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'Sorry' is not enough for victims of crime in Sussex
Victims of crime say offenders do not mean it when Sussex Police make them say sorry instead of going to court.
People who have agreed to take part in “community resolution” have complained that letters of apology from offenders do not seem sincere.
But the force has backed its use of the scheme, which has been used 2,000 times in the last six months.
Community resolution is Sussex Police’s version of restorative justice, which is being used across the country in 12% of all cases.
It allows officers to broker an agreement between a victim and an offender to make up for what has happened – for example, by paying back money lost or writing a letter of apology.
Police use the scheme as a way to improve the satisfaction of victims and to avoid criminalising first-time offenders with a caution or charge, reducing the chances of them reoffending while saving officers time.
The inspectorates of constabulary, probation, prisons and prosecutions issued a joint report on the scheme this week saying its use was inconsistent around the country.
The reception given to the scheme was mixed among the public and police.
At a focus group in Sussex, one participant described the scheme as “lily-livered liberalism” although praised the idea of allowing police officers to reach common-sense solutions on the spot.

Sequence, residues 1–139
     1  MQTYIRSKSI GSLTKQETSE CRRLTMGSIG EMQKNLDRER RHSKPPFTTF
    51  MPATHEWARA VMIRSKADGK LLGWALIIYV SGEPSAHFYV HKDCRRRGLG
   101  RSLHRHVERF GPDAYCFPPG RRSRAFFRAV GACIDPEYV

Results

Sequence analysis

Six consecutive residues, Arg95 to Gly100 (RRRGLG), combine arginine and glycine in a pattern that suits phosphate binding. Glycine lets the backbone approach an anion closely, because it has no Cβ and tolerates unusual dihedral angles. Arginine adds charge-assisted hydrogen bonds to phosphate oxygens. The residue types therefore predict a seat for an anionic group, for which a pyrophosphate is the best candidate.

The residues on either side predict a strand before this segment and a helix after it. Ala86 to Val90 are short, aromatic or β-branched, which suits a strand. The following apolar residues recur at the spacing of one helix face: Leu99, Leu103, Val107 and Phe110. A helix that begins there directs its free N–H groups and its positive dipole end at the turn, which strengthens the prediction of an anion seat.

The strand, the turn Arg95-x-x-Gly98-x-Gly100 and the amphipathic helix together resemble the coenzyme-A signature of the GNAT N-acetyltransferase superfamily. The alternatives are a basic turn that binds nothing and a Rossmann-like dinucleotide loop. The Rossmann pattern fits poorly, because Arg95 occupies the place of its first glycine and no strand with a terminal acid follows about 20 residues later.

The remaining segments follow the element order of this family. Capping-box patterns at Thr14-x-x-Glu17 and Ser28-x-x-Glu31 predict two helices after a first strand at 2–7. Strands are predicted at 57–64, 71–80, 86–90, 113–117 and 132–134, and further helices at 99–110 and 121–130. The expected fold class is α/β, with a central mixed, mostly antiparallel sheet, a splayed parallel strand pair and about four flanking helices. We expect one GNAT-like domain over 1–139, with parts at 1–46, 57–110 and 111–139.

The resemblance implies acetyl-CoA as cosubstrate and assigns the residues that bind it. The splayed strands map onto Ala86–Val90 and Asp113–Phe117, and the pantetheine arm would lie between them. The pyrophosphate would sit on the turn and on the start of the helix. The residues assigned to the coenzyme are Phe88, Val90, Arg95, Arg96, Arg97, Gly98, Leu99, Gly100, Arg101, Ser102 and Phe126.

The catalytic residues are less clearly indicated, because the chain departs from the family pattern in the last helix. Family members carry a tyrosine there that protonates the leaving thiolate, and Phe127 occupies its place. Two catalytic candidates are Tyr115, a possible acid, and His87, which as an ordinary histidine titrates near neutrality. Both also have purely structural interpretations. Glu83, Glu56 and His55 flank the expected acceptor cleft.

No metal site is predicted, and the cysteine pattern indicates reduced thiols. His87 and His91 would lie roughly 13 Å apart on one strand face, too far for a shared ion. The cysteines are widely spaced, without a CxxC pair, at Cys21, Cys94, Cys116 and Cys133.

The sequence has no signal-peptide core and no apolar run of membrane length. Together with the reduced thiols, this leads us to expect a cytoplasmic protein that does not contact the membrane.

Of 630 police officers and police community support officers surveyed nationally, 39% thought charging offenders was more effective in stopping them offending again.
The Ministry of Justice said it wants to expand the scheme and Sussex Police is currently reviewing the effect of community resolution on reoffending, victim satisfaction and officer time.
The force said more than 90% of victims surveyed so far have been satisfied.
On Monday alone it was used in 18 cases. Ninety-three people were charged with crimes.
The force said crimes like domestic violence were excluded and each case was examined to see if community resolution is appropriate.
The force said in a statement: “Community resolution gives the victim the chance to tell offenders about the real impact of their crime, to get answers to questions and to receive an apology.
“It gives the offenders the chance to understand the real consequences of what they’ve done and to do something to repair the harm.”
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